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Myself and Marco Polo

Myself and Marco Polo
100 St. Joseph Street, Carr Hall room 404
Time: Feb 26th, 4:00 pm End: Feb 26th, 6:00 pm
Interest Categories: Music, Faculty of , Italian Studies (FAS), History (FAS), Drama, Theatre, Performance Studies (FAS), Diaspora/Transnational, Comparative Literature (FAS), 1200-1500
Lecture by Paul Griffiths, musicologist, librettist, novelist

Prof. Salvatore Bancheri, Emilio Goggio Chair in Italian Studies, in collaboration with the Faculty of Music cordially invites you to a public lecture by

Paul Griffiths, Musicologist, Librettist, Novelist
Myself and Marco Polo


Thursday, February 26, 2015
4:00 – 6:00 p.m.
Carr Hall 404
100 St. Joseph Street
University of Toronto
A reception to follow.
Everyone is welcome and admission is free.
Please RSVP at italian.studies@utoronto.ca
Marco Polo’s posthumous travels have taken him several times into the wonderland of fiction, the subject of a play by Eugene O’Neill (Marco Millions, 1925) and a novel by Italo Calvino (Le città invisibili, 1972). Paul Griffiths will consider these transmogrifications but talk mostly about his own experiences writing fiction about and around a character whose ‘real life’, inasmuch as it is known to us, may be largely fiction. The focus will be on the continuing relevance of Marco Polo as an image of the traveler, of his book as a case of multiple authorship, and of his project as an instance of east-west communication. Mr. Griffiths will illustrate his lecture with readings from his novel Myself and Marco Polo (1989) and excerpts from a DVD recording of Tan Dun’s opera Marco Polo (1996), for which he wrote the libretto.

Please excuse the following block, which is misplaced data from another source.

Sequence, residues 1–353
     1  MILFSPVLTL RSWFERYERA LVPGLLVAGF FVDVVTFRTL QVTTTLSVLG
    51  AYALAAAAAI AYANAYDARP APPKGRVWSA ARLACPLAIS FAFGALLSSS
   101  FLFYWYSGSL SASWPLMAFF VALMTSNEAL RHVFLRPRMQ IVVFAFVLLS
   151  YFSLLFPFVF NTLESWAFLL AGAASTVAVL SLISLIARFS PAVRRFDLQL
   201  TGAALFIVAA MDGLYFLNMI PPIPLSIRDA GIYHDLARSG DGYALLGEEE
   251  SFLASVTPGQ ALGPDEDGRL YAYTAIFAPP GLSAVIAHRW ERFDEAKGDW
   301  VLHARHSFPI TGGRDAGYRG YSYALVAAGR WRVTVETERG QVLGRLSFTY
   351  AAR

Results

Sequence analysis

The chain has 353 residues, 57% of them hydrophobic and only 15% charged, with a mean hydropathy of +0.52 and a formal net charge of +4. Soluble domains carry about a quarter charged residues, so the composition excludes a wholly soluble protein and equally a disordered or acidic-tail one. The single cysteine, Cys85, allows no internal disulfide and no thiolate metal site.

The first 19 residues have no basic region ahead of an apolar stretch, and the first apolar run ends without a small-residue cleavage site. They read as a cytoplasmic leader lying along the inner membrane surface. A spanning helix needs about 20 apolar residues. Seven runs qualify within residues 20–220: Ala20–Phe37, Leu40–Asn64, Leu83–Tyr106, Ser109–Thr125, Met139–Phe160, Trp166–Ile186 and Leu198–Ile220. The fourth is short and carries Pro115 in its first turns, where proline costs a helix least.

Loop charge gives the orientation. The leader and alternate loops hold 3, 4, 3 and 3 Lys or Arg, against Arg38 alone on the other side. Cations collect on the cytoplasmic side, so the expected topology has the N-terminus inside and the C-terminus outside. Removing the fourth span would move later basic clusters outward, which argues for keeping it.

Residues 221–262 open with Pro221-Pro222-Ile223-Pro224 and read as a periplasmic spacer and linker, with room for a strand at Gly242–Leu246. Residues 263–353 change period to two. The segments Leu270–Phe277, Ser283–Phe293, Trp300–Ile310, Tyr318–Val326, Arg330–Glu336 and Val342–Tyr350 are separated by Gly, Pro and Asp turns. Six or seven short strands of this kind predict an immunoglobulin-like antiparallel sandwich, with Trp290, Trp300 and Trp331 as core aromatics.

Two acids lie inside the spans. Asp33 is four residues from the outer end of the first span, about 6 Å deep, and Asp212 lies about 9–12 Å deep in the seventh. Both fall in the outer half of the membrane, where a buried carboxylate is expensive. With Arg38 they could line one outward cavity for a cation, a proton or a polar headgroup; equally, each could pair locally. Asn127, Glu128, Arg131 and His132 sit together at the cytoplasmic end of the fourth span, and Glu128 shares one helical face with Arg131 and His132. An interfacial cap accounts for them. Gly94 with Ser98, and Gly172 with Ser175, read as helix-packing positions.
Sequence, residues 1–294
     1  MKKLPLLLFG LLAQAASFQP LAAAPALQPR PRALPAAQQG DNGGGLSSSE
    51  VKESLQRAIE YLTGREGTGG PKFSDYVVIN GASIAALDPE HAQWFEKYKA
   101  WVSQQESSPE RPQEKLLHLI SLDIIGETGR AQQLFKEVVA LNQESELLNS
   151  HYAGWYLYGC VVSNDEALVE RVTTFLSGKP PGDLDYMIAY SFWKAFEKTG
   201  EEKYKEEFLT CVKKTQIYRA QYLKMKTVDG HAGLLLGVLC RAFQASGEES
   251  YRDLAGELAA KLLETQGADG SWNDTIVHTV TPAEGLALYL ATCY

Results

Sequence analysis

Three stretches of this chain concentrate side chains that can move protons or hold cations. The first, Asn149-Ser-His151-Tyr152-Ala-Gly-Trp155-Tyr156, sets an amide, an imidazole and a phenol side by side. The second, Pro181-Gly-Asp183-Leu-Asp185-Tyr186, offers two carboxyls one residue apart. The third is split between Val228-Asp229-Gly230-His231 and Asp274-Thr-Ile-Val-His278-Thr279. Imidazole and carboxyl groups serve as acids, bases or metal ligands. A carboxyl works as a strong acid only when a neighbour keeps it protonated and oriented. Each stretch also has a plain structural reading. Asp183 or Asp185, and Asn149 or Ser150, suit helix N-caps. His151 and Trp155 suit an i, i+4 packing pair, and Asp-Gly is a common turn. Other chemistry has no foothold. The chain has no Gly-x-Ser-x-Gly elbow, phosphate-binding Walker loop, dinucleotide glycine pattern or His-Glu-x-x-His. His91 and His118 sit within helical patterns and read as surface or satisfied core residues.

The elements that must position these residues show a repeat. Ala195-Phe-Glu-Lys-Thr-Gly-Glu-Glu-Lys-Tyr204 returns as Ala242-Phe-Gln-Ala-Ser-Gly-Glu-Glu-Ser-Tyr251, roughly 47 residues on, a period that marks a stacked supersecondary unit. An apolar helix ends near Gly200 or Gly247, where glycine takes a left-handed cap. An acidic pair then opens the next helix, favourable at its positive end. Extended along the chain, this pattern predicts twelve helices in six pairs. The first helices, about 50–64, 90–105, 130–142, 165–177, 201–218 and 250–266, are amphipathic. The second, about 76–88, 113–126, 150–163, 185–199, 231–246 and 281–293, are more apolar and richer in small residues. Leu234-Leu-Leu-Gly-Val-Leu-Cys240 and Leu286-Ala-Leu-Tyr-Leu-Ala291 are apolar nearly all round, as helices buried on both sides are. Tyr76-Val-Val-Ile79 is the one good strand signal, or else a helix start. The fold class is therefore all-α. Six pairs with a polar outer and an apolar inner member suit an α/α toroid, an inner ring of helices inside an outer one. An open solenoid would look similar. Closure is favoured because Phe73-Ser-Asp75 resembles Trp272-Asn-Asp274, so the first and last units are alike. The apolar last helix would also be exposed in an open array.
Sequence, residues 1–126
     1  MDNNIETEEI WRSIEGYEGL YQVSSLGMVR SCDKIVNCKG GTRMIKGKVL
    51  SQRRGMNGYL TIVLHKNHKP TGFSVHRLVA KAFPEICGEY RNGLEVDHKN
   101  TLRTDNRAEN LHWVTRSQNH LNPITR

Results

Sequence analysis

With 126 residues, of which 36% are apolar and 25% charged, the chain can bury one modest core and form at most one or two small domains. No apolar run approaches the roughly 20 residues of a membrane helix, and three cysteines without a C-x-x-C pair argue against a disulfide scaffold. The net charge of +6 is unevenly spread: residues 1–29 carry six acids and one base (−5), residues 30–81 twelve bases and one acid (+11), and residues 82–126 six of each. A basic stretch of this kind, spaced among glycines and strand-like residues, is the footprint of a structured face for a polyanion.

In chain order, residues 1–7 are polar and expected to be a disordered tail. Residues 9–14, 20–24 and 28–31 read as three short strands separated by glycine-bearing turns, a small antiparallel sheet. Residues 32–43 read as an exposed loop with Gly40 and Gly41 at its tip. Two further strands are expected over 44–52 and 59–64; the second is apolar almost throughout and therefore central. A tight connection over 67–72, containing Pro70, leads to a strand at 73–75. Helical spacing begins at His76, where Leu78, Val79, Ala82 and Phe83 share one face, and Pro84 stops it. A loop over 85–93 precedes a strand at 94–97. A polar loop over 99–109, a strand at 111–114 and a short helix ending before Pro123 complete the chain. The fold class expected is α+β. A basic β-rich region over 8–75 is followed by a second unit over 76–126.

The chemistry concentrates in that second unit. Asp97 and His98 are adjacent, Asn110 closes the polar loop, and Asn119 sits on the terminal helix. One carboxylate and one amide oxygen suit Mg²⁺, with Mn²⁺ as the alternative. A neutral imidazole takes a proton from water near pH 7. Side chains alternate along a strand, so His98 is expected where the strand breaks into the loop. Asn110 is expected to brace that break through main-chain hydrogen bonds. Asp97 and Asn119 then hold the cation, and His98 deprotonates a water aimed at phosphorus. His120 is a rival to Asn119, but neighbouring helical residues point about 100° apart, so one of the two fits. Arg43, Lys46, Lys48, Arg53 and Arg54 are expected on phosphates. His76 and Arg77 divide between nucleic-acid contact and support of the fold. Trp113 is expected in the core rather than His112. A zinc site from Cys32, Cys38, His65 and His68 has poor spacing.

Paul Griffiths was born in Bridgend, Wales, in 1947. For thirty years he worked as a music critic, for newspapers and magazines in London and later New York. Other endeavors include several books on music – among them a standard text on music since 1945, Modern Music and After, now in its third edition – as well as novels, stories, and librettos. Besides Tan Dun, he has written words for music by Wolfgang Amadeus Mozart, Ludwig van Beethoven, Elliott Carter (opera What Next?), James Wood, and Hans Abrahamsen. He is a Chevalier de l’Ordre des Arts et des Lettres (2002), a Member of the Welsh Academy (2008), a Member of the American Academy of Arts and Sciences (2011), and an Officer of the Order of the British Empire (2014).

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